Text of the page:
Gene targeting

Targeted insertion of genes in the plant genome

Simple in theory, difficult in practice: Gene targeting can be used to selectively switch off, modify or replace genes. Targeted insertion of genes in the plant genome could further minimise undesirable side effects. It has long been used successfully in bacteria, yeasts and mice. The use of gene targeting in plants, however, has proved very difficult.

Gene targeting is based on homologous recombination, a naturally occurring mechanism in which homologous, i.e. identical or similar, DNA sequences in the genome switch places. This mechanism can be used to integrate a new gene at a particular site in the genome. For this to take place, the gene must be flanked by DNA segments that are identical to the planned integration site (see diagram).

Homologous recombination

Exchanging homologous sequences (left) Two DNA strands with homologous DNA sequences (light blue, dark blue): exchange.

Exchanging a non-homologous DNA segment (below) If a gene (orange) is flanked by sequences that are homologous with another site in the genome, it can be cut out from its original site and inserted at the other.

So much for the theory: in practice however, no efficient methods of gene targeting have yet been developed for use in plants. This is partly due to the fact that homologous recombination does not occur in plants with sufficient frequency or efficiency. One approach then is to boost homologous recombination in the plant cell with the help of transposons and bacterial recombination systems. Another method stimulates the naturally occurring recombination processes in the plant cell to make them take place more frequently and more efficiently.

Gene targeting with transposons and bacterial recombination systems

Transposons and recombination system consist of certain recognition sequences and an enzyme (transposase or recombinase) that can cut DNA segments out of the genome at the site of these recognition sequences and reintegrate them at another site. Unlike transposes, recombinases also need recognition sequences to insert a DNA segment. By contrast, transposes can reintegrate the DNA segment at any site in the genome, but will generally integrate it in regions with high gene expression.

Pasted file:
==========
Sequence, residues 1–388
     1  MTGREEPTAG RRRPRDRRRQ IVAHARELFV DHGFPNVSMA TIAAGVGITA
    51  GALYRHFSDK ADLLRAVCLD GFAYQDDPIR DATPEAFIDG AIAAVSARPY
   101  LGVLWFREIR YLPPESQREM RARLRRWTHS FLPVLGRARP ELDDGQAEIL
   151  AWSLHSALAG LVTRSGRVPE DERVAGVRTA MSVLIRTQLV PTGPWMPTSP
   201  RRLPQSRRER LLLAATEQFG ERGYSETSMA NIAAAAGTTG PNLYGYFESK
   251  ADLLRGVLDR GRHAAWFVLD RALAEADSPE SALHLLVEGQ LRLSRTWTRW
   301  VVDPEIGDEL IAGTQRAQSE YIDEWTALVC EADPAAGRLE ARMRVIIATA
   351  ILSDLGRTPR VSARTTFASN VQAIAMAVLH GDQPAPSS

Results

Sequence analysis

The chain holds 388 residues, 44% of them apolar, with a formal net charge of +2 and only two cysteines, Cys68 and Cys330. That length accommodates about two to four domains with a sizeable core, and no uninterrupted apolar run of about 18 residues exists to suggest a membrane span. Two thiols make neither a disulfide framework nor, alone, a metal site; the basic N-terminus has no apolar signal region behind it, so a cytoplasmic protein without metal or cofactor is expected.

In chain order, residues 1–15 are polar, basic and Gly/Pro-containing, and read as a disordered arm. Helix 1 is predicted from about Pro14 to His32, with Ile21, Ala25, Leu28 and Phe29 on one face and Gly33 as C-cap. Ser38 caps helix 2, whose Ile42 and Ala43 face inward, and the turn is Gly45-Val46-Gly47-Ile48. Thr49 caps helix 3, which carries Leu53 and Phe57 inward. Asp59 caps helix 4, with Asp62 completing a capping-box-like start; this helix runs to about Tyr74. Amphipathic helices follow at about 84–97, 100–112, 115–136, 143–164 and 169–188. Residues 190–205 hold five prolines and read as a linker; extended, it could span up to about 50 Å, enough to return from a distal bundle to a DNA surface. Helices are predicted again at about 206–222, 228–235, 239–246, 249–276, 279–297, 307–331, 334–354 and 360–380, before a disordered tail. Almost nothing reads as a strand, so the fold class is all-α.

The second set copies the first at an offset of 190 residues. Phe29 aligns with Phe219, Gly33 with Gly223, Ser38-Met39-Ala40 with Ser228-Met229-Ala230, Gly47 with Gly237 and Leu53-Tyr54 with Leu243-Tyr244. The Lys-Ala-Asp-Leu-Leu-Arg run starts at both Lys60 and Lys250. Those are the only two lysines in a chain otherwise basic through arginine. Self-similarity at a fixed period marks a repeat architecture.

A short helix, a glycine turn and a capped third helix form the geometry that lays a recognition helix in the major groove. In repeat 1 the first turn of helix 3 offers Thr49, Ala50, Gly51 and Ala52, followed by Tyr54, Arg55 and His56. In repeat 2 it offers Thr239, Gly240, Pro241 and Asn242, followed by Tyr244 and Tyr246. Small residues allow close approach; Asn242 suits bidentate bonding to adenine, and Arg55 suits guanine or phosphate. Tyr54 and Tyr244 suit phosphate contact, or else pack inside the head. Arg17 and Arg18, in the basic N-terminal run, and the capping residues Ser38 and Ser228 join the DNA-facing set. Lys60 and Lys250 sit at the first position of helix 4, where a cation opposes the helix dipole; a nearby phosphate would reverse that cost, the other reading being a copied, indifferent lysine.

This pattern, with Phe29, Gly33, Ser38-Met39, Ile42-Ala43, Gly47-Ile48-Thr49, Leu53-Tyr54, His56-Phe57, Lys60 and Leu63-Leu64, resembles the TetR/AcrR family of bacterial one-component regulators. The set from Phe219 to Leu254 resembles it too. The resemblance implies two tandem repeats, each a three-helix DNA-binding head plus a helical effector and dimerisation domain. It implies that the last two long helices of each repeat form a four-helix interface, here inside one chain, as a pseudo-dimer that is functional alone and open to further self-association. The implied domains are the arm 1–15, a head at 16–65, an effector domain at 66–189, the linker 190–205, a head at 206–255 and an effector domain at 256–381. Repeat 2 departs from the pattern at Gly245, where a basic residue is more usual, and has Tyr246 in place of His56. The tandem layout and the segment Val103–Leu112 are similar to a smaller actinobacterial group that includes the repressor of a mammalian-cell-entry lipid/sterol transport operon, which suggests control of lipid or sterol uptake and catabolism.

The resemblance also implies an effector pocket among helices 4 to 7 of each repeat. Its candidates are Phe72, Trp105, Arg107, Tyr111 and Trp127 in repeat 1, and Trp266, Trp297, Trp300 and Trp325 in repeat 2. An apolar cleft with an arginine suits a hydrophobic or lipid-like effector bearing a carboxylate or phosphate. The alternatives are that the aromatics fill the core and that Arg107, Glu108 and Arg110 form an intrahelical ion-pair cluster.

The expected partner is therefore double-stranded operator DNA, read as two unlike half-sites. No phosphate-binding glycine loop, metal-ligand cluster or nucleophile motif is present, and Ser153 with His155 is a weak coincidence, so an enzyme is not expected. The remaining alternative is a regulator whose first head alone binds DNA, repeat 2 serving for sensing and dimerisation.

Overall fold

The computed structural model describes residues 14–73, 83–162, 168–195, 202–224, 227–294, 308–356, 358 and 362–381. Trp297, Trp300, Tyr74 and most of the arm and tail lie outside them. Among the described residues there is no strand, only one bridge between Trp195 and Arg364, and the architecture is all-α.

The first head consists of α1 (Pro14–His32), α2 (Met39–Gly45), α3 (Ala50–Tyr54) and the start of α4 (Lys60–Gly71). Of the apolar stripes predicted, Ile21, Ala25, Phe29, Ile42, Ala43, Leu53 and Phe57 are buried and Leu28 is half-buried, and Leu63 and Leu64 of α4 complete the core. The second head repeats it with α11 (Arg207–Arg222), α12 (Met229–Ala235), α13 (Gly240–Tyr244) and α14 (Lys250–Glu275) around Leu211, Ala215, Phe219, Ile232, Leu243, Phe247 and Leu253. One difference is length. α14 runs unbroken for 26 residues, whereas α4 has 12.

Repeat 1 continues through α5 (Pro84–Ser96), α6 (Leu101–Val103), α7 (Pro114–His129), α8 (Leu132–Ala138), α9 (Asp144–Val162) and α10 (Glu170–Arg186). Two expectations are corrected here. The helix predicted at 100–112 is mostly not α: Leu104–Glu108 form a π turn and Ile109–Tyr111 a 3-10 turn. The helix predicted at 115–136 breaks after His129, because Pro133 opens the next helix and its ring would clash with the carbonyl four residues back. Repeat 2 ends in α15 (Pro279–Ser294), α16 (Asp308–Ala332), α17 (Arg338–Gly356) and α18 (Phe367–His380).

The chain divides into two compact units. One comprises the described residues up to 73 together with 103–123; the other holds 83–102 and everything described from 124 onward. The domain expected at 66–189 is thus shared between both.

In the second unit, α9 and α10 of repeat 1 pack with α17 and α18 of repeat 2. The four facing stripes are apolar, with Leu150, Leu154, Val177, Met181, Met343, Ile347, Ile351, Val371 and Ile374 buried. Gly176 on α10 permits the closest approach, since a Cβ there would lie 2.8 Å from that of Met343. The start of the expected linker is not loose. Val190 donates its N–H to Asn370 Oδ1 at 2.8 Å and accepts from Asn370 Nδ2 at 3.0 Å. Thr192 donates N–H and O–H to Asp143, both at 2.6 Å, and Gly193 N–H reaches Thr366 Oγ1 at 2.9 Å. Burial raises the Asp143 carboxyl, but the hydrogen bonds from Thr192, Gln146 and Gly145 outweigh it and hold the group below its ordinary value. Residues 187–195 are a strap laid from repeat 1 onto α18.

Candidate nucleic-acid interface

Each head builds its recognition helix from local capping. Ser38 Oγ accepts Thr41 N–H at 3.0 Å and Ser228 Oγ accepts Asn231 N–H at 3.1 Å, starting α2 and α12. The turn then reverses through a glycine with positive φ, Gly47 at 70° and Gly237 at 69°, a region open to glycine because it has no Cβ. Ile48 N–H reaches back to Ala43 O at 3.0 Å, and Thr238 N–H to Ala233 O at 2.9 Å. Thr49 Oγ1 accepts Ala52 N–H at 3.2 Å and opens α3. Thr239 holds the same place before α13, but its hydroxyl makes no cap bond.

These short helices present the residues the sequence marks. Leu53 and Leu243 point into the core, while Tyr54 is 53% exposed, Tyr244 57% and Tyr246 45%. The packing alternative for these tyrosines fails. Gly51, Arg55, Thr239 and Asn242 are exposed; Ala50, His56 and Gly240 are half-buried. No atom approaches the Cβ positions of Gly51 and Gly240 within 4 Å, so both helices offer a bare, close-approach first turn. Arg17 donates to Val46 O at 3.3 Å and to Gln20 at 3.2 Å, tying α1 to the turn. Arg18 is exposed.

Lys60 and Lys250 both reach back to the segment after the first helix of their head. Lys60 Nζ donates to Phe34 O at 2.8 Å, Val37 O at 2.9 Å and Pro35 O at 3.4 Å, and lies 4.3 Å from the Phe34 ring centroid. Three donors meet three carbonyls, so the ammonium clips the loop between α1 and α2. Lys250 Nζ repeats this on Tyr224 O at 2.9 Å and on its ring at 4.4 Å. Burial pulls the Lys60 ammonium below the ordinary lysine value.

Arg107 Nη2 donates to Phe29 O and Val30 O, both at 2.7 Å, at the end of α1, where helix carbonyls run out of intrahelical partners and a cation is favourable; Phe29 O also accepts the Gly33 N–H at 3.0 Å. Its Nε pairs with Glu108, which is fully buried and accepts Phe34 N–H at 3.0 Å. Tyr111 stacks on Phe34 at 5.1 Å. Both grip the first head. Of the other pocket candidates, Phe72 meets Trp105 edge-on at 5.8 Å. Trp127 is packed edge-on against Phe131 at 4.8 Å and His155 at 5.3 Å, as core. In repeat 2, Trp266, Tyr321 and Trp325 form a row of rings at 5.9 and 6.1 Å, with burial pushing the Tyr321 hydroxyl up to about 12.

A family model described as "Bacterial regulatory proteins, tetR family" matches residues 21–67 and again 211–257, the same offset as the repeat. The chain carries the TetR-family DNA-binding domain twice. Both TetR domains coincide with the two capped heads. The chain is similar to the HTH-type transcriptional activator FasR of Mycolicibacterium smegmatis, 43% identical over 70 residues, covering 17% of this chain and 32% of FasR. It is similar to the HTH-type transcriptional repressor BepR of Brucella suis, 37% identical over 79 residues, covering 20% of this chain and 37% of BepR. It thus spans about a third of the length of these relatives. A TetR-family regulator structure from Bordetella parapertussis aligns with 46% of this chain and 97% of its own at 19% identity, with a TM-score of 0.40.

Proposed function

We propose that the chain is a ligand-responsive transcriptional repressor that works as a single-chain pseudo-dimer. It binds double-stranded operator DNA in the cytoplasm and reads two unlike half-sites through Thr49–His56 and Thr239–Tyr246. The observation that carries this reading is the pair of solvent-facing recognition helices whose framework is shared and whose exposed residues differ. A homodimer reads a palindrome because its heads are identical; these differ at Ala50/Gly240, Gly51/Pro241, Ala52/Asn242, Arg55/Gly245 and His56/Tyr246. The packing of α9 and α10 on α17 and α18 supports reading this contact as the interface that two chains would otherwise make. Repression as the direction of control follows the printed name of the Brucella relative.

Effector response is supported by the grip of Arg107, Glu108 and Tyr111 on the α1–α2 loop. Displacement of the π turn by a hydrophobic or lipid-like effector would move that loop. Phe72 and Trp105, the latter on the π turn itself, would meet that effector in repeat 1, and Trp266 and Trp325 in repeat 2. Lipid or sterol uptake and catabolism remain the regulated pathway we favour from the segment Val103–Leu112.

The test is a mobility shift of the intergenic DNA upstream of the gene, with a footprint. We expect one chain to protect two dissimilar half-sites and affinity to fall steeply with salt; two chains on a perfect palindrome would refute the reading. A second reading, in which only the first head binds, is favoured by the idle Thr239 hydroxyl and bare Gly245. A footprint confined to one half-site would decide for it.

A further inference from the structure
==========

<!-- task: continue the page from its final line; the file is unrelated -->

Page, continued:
A completed biosafety research project used a recombinase to remove a marker gene and simultaneously integrate another gene in its place. For this to work, both genes have to be flanked by recognition sequences (sites).

A current biosafety research project is inserting a genetically modified transposon that also contains the recognition sequences for a recombinase into the genome of oilseed rape plants. It also contains a reporter gene, which can be used to measure whether the transposon has been integrated in a region with high gene expression. The transposon integration site is also the site intended for gene integration, so it should be as ‘active’ as possible.

Molecular biological methods are used to check that the integration has not triggered any undesirable modifications in the genome, e.g. disabling a plant gene. Plants that meet both criteria are selected as suitable recipient lines for targeted gene insertion.

A recombinase can then be used to insert any chosen transgene into the genome of the recipient line at the transposon integration site.

Gene targeting through stimulation of the cell’s own recombination processes

In this method, a special DNA-cutting enzyme (“I-SceI” restriction enzyme) is used to cut the DNA strand at two sites in the plant genome. It is then possible at these sites to carry out recombination processes and so to achieve a targeted exchange of homologous sequence segments.

Step 1: Producing two different transgenic plant lines

First, two different transgenic plant lines are produced that each contain a target locus (the target site for the integration of a new gene) and a targeting vector. DNA analyses are used to check whether the target locus is at a desired site in the plant genome.

The targeting vector contains a DNA sequence that is homologous with the target locus (green and blue in the diagram), into which the new gene is inserted. The targeting vector is also flanked by two cutting sites for the “I-SceI” restriction enzyme.

Step 2: Crossing the plant lines

The two plant lines – the target locus line and the targeting vector/I-SceI line – are then crossed with each other.

The “I-SceI” restriction enzyme cuts the targeting vector at the I-SceI cutting sites. This triggers homologous recombination between the targeting vector and the target locus.

The cutting site from which the targeting vector was excised is subsequently closed again by homologous or illegitimate recombination. In the process, the cutting sites are destroyed, so the process is irreversible and the targeting vector cannot be reintegrated at its original site.

Step 3: Analysing the plants

DNA analysis is then used to select the plants in which gene targeting has actually worked.

Marker genes are being used initially to establish the gene targeting system in plants. This enables researchers to make the system as efficient as possible. Once this has been achieved, the marker gene can be replaced with a gene of interest. A further long-term goal is to make every naturally occurring sequence in the plant genome available as a target site for gene integration using gene targeting.